BIRMINGHAM, Ala. (WBRC) - On Thursday Parker High School will open as a mass drive through vaccination site. Today, WBRC Fox6 News learned it looks like an expanded transportation system plan will not be in place to help people get to the site.
Jefferson County Commissioner Sheila Tyson wanted to have that plan in place to help people who have transportation issues to get to vaccinations sites. It doesn’t look like that plan will be ready for Thursday, but Tyson hopes to have it up and running in the future.
Bonney Nipper is 64 years old and has several health issues. He depends on public transportation to get around Birmingham.
“That is the only way I got to get around. I’m debating whether to get my driver license back or not, ” Nipper said.
Nipper has yet to sign up to get a COVID-19 vaccine but he plans to do so. Jefferson County Commissioner Sheila Tyson presented her plan to expand transportation services to vaccination sites to the county commission Tuesday. She has been hearing complaints from people in the community.
“That’s way I know transportation is a problem and the way they are dividing the vaccine is a big issue in the black and brown community,” Tyson said.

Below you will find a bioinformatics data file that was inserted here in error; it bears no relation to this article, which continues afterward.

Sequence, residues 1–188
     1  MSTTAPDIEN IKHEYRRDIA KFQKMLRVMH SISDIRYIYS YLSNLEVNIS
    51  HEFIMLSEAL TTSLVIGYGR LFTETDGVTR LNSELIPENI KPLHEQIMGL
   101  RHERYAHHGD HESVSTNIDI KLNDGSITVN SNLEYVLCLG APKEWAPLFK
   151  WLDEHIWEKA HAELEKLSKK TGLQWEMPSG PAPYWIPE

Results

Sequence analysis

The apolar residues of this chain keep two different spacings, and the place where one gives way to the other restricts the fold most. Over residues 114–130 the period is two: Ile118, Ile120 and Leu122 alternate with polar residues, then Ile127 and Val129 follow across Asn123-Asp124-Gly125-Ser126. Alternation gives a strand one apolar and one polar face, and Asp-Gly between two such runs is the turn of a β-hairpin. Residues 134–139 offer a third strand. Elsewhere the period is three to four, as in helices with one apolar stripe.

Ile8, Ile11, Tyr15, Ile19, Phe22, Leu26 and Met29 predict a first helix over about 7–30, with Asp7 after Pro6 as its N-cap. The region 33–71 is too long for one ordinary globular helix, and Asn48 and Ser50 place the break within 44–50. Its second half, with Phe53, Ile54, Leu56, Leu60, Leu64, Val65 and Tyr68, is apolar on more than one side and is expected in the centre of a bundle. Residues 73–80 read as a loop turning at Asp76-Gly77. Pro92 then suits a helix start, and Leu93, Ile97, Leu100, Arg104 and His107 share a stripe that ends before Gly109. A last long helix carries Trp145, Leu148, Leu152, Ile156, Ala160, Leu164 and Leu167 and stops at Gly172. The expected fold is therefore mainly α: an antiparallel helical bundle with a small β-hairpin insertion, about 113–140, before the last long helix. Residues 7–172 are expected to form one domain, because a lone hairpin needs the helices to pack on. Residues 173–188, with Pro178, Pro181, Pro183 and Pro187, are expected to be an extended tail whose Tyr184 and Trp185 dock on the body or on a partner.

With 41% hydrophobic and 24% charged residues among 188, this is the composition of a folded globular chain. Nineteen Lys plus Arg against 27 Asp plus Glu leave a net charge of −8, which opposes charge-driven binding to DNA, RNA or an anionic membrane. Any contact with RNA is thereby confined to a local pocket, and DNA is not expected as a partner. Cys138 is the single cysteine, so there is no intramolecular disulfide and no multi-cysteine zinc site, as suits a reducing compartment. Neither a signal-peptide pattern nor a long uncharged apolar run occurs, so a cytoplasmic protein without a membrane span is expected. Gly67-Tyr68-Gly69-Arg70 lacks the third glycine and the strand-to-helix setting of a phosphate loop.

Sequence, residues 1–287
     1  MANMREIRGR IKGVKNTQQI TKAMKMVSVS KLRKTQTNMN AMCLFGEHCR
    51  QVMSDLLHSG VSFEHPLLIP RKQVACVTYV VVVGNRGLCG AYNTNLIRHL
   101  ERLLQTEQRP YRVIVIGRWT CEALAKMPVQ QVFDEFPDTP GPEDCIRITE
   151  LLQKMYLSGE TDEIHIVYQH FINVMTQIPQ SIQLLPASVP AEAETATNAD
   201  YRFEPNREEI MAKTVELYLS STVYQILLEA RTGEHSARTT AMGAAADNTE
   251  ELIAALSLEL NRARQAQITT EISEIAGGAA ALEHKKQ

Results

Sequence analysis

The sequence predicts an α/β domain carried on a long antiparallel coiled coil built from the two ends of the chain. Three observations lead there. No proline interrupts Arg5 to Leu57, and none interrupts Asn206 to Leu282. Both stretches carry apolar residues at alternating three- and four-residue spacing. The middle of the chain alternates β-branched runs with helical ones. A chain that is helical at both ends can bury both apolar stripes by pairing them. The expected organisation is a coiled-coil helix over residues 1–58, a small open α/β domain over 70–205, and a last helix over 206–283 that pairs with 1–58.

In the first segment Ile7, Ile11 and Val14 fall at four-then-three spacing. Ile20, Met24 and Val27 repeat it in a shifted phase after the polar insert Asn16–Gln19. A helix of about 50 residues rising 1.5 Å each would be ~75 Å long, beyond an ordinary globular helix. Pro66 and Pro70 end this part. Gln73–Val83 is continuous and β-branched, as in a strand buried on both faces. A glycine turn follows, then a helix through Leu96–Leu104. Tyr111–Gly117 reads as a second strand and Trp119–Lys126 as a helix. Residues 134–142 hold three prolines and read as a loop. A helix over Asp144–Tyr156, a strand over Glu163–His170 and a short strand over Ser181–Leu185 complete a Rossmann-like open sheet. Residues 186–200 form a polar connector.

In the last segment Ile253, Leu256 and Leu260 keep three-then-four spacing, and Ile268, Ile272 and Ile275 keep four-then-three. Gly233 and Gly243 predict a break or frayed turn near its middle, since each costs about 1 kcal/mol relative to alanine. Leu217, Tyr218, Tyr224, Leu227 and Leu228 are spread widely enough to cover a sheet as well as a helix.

Tyson’s report also calls for more outreach in the neighborhoods and help for signing people up for the vaccine. The commissioner believed many older and low income persons are being excluded from the process. “Don’t assume we don’t want the shots. Educate us. Make them available to us. Give us a choice and that is not what they are doing,” Tyson said.
Nipper, who hopes to get a vaccine shot soon, said there should be more effort to get people those shots.
“I think the elderly, those who can’t get around on the buses. They have a hard time getting around on buses they should help them out,” Nipper said.
Tyson planned to meet with Jefferson County Department of Health and UAB later this week about possible changes to vaccination process including transportation issues and looking at more help for registering people, getting them to the sites.